In a lot of ways the world is probably safer than it was, yet I know it scares me to death to think of letting the kids wander the woods alone. Our generation has become scared of everything and we're raising children that will either be scared of everything or completely rebel, unless we manage to overcome some of this fear. That's my opinion anyway.

We need a stream full of crawdads, frogs, and turtles for the kids to romp through. There are some drawbacks to living in the desert. I used to love playing around the water. I caught all kinds of animals growing up: crawdads, tadpoles and frogs, toads, turtles of all sorts, rabbits, fish, birds, snakes, lizards, etc. I felt a real connection to nature.

I remember when my dad started trying to sell me on the idea of moving to New Jersey. One of my biggest concerns was whether there were trees - I loved to climb trees. He said there were tons, so I was very excited. We had planned to buy a home nestled in a forest there but it never worked out. We eventually ended up living on a city block, 4 blocks from the beach - never got my forest but I did get a beach. Anyway that has always been my dream to have a house in the middle of a forest. I'm still planning on achieving that goal one day. That would be pretty scary in much of the west because of fire danger but less of a concern in the East.

Anyway, after writing all this I'm getting excited about getting my kids more in touch with nature, no matter what type is available.

Zac

Anonymous said...

funny, i don't remember the dirt slide either. or the leaf "houses".

but i do remember playing up in the woods behind jessica & amy's house.. the huge rotten logs, and we'd dig out the rotting wood and pretend it was food. cheese, in particular. i don't have any idea why on earth we called it cheese.

i remember lots of imagination games involving being animals, not people. mice. i remember pretending to be mice. one instance in particular was up in the woods by the golf course with a bunch of friends.

yeah, we definitely had more freedom then. or maybe mom just didn't know where we were? haha, i don't know. i haven't been so worried of bren getting abducted as i have just of him hurting himself (cause that's just his tendency) and no one being around to help.

your desert mountain isn't as interesting perhaps as a forest or a stream, but wouldn't the kids have fun exploring up there anyway? do you really not let them out of the yard?

i absolutely think that much of the fear surrounding life these days is completely unnecessary and is a direct result from the "news" blowing things out of proportion. in fact, i think even OUR childhoods were overprotected. i don't know how or why or when, but somehow i was taught to be afraid of everything and everyone and i'm still working on getting over it..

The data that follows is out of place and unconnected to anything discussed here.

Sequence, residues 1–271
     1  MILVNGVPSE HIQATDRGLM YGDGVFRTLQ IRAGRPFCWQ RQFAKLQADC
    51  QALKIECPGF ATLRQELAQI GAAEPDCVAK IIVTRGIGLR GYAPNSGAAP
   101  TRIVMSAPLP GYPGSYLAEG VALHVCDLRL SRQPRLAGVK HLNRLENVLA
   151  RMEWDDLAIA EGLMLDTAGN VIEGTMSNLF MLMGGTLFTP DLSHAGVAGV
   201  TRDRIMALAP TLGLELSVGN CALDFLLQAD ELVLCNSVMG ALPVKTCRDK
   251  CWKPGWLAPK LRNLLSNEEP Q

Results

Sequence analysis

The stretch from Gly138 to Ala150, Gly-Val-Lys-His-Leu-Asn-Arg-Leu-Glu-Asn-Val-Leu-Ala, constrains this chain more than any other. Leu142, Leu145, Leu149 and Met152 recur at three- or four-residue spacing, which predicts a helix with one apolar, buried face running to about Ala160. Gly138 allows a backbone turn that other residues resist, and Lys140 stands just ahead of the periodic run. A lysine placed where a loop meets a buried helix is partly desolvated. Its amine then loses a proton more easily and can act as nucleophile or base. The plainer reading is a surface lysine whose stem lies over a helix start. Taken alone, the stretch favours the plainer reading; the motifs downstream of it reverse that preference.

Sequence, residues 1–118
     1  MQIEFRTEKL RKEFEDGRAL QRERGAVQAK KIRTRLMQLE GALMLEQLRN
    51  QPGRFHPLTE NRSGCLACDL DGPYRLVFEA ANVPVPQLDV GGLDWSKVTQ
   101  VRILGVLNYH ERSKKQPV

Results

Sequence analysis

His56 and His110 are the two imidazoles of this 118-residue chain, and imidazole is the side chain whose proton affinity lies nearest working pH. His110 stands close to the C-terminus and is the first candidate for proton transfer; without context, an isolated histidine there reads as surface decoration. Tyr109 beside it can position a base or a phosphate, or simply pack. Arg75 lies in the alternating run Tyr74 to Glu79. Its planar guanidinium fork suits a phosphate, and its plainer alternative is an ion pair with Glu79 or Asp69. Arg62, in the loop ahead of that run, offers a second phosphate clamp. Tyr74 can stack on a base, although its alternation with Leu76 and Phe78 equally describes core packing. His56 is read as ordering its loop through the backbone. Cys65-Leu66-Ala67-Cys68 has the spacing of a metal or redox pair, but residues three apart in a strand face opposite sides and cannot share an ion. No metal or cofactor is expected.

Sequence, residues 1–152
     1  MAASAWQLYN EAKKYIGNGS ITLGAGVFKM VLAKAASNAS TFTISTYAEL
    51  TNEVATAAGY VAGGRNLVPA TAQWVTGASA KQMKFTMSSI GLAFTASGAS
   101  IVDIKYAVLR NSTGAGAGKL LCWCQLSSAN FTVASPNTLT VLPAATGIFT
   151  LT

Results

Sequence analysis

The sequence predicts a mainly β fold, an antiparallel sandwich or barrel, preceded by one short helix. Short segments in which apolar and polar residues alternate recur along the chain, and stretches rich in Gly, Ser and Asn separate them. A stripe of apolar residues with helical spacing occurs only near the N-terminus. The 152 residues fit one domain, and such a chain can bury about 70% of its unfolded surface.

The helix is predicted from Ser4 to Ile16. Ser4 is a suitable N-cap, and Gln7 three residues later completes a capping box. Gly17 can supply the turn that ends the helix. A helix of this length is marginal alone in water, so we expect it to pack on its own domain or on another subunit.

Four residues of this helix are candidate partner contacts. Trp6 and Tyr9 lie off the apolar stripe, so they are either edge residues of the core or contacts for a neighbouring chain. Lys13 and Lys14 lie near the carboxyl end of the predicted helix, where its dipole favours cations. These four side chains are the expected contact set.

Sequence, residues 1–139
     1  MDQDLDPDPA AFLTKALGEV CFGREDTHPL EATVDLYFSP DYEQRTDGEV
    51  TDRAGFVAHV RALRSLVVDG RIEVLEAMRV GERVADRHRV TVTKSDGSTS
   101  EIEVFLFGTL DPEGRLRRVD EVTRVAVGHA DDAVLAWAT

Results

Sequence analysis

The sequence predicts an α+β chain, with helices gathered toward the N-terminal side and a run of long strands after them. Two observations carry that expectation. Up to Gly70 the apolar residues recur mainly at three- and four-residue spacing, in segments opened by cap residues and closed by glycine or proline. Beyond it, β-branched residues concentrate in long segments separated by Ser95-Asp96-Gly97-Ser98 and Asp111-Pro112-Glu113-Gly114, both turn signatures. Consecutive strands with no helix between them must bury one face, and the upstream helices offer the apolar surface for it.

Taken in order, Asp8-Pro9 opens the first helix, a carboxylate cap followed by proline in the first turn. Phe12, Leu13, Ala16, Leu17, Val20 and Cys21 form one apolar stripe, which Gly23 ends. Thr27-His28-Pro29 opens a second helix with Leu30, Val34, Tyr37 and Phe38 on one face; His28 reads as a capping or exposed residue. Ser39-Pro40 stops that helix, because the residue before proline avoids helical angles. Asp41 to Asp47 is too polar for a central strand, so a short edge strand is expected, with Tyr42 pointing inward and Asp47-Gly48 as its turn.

~mags

Kristen said...

I do worry about my kids getting hurt, too. Or lost. In particular, we have coyotes, cougars, rattlesnakes, and scorpions up in our hills and it kind of freaks me out. I know the odds are low, but still.

It doesn't help knowing there are registered sex offenders around our neighborhood (thanks to those handy registries where you can look up your neighborhood and see where they live).

I think I worry more about them being molested than actually abducted.

And it's true, the kids don't go out on their own - anywhere. We have decided as a result of discussions of this book, that the older kids really need to go out and explore around our house more. The hill is also covered in very prickly weeds which doesn't seem like much fun to me. But anyway - another issue (for another discussion) is how they really don't have the free time I remember having as a child. (TOO MUCH HOMEWORK!!!)
They hardly have time to play at all, much less go off exploring.

And it is a sad sad fact that they watch too much TV and the boys play too many video games. I cringe to admit it, esp since I didn't even ever want to OWN a TV, but it is true.

Anyway - there's always a lot to work on and improve as parents, right?

Jennifer said...

I don't ever remembering telling my parents where I was going. I would ride my bike to the park with my brother, go to the neighbors to play, play in the empty lot behind our houses. We knew we needed to be home when it was dinner time and my parents had a big cow bell they would ring outside to let us know when it was time to come home.

I don't know what the answer is for my own kids. When my kids ask to go on a hike I make sure there is at least two of them and I prefer it if they take the dog with them. It's so nice that I have the park across the street, but they still have to have someone with them when they go or friends at the park who they will be with. They absolutely have to tell me where they are going or they risk being grounded from friends or bikes. I wish it were different, but other than having my own house out in nature, I don't know how to really let them roam free.

Ashley Case said...

I know I always had to let my mother know where I was, but I totally didn't mind it. I honestly think I will treat my kids about how I was treated. Reminded of the rules frequently (like no talking to strangers, look both ways before crossing the street, etc.) given a curfew, telling my mom where I was going and who I would be with, but allowed to make my own fun and explore where I wanted really.